On June 30th this year, Canada became the 20th nation to accede the Marrakesh Treaty to Facilitate Access to Published Works for Persons Who Are Blind, Visually Impaired or Otherwise Print Disabled, a decision that was said to be “long overdue” The Treaty, originally adopted in Morocco in June 2013, is coming into effect today. “The coming into force of the Treaty will mark the last step of a long journey toward a more inclusive global community, where print-disabled and visually impaired people can more fully and actively participate in society and reach their full potential,” said Canada’s Minister of Innovation, Science and Economic Development Navdeep Bains.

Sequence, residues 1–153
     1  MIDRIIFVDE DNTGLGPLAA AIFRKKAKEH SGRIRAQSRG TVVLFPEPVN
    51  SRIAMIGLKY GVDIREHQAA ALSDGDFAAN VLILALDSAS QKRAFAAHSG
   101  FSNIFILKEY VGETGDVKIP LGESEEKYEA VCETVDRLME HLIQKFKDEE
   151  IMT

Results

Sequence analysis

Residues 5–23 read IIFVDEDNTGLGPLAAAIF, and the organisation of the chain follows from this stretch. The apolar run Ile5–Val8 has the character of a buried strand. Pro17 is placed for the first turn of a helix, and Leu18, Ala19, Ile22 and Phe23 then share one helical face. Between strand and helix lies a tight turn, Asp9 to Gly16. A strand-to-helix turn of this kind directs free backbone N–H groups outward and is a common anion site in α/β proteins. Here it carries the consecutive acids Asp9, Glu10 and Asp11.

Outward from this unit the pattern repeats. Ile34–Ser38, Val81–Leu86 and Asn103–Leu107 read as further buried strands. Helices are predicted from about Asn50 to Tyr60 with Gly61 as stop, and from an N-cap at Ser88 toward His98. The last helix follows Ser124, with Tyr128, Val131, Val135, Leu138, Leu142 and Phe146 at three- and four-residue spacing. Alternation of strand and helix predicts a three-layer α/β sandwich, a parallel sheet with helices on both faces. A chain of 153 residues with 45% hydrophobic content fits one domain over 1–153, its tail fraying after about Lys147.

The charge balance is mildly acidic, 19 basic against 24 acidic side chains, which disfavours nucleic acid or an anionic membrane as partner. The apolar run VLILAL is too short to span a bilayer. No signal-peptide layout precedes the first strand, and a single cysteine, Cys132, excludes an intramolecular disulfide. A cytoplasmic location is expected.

The main objective of the Marrakesh Treaty is to address the “book famine” by facilitating the access of published books by people who are blind, visually impaired or otherwise print disabled. It requires from the countries who signed into the Treaty to have an exception to domestic copyright law for visually impaired and print disabled people. It also focuses on the accessibility of published works by harmonizing limitations and exceptions to the exchange of works across borders. It will hopefully increase the numbers of accessible works over the world. According to the World Blind Union, over 90% of published materials are currently not available to the nearly 300 million people that are blind or have a print disability.
A FAQ was put together by Innovation, Science and Economic Development Canada to explain how the Marrakesh Treaty benefits Canadians.